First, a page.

Donna Orazio, the mother of 3 grown children and a recent graduate of the M.F.A. in Creative Writing program at the College of Arts and Sciences, believes that all around the world, “we all want the same things for our children.” Orazio’s children are currently globally disbursed – one son in Canada, another in Italy, and a daughter in Africa. “Villagers walked two miles to meet Meg’s mom,” she shared of her recent visit with her daughter. “Ultimately we’re all bonded by opportunities.”
Both Shenoy and Chen encouraged attendees to leave their comfort zones and “get out there” where views are broadened, bridges are built, and relationships propel individuals forward.
“The world doesn’t tolerate narrowness,” concluded Chen. “The world demands that you enjoy Sushi and steak and fish. If you want to take your life seriously, you have to be get out there. Be unafraid. The world is very welcoming.”
Suglo’s awareness of Fairfield University’s commitment to global citizenship came to her on the way to class one day, when she passed a poster on the stairway about exchange students from Fairfield who were holding a forum to share their stories that afternoon. While she had a class conflict and was unable to attend, it registered that “Fairfield University’s effort at promoting global awareness was awesome and a step in the right direction,” she says, adding, “I must say that coming to Fairfield was the best decision I have made in a long time.”
Suglo left the Roundtable discussion “100% ready to make changes in my life.” Already a global citizen in her own right, she hopes to continue traveling and “expanding her horizon,” but now with the awareness that the world is a global community so it’s important to be responsible because “what happens in individual communities can affect people all over.”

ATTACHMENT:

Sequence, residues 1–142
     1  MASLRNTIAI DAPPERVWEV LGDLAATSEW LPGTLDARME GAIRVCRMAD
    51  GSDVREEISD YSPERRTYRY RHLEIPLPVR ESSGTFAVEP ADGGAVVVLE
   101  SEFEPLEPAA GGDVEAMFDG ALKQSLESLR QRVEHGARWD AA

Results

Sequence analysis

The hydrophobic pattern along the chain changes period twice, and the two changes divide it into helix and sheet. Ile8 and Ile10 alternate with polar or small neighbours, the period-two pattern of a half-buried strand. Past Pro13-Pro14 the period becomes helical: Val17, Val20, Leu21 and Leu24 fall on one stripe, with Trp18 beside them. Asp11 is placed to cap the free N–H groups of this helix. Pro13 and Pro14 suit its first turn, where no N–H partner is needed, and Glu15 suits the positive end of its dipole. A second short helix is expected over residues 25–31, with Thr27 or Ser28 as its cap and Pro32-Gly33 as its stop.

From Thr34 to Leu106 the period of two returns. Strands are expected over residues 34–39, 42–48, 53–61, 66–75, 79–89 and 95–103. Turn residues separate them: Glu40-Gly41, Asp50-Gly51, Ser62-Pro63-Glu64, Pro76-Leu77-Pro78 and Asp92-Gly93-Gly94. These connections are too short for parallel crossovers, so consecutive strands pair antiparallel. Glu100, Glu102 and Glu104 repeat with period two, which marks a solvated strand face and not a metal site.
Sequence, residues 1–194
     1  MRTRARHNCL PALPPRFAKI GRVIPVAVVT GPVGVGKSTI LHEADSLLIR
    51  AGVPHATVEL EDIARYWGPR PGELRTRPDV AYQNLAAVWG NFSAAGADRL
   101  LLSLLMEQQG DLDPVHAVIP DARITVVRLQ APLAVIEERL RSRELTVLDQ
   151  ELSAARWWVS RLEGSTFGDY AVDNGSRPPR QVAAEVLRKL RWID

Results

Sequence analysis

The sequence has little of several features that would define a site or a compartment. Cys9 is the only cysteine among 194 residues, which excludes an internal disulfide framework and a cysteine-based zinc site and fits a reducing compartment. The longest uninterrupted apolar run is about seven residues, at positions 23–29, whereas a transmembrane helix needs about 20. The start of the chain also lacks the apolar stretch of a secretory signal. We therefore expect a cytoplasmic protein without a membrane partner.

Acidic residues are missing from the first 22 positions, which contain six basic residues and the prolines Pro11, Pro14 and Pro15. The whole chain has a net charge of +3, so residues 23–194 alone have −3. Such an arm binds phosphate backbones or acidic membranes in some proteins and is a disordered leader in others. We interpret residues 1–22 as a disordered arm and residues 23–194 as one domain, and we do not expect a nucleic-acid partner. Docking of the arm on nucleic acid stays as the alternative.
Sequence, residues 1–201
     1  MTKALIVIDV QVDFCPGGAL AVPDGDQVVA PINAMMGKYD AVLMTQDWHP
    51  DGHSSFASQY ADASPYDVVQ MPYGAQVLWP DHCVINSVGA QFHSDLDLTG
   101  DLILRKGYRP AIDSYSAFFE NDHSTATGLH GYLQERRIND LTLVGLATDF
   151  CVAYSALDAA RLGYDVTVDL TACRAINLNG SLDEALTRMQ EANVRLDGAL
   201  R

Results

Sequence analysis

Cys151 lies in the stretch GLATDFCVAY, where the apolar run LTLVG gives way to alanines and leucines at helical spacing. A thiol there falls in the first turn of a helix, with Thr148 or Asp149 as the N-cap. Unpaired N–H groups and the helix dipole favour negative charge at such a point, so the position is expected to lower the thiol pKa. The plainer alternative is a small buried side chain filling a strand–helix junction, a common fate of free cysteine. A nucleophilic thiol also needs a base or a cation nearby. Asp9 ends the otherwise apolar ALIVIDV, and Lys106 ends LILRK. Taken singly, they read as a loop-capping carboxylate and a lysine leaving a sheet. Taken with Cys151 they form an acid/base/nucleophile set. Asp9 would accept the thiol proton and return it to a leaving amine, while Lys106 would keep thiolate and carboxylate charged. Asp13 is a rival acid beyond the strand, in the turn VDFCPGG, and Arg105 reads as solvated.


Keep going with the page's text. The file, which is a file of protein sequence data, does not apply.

Mazer has always thought of himself as a global citizen, which attracted him to the Roundtable discussion when he read about it on a flyer in McAullife Hall. One of his comments that contributed to the conversation involved the impact medical advances and technology have on the world. Afterwards, he reflected further:
“Access to the Internet has changed everything. The way we find information, the way we connect with each other, the way we learn, the way we discover new things – have been fundamentally altered. You can clearly see this in recent events in Egypt, Tunisia, and Libya, but you can also see it all across the world. Mobile devices are allowing information, stories, and events to spread throughout the globe rapidly, giving a voice to those who did not have voice before. Cell phones are now powerful computers that fit inside your pocket. Connected to the Internet, they have become impressive tools for all kinds of human activities – from political revolutions, to revolutions in medicine, education, and even entertainment.
“I thoroughly enjoyed the Global Citizenship Roundtable Discussion. One thing I took away is that there are more opportunities than I dreamed for people who have a global perspective. Having a global sense can help you create value for a company by opening up new markets, or using your unique perspective to improve products or develop new lines of business. The possibilities are endless, and we have just scratched the surface. Technology has made the world a smaller place – it has quickened the pace of innovation – and I’m very excited about the changes technology will bring to the business world and beyond.”
The Global Citizenship Roundtable Discussion event was sponsored by the Office of Graduate Student Life and the Charles F. Dolan School of Business, and with the generous support from the Earl and Hildagunda A. Brinkman Private Charitable Foundation. Event organizers included:
- Susan Serven (DSB Student, Graduate Student Assembly Leadership Council Member, Dolan Graduate School Of Business Association Co-President)
- Kara Lucy (GSEAP Student, Graduate Student Assembly Leadership Council Member, President’s Council for Institutional Diversity)
- Tess Brown (CAS Alumnus, MFA Recipient, Coordinator of Graduate Student Life and the Graduate Student Assembly Leadership Council)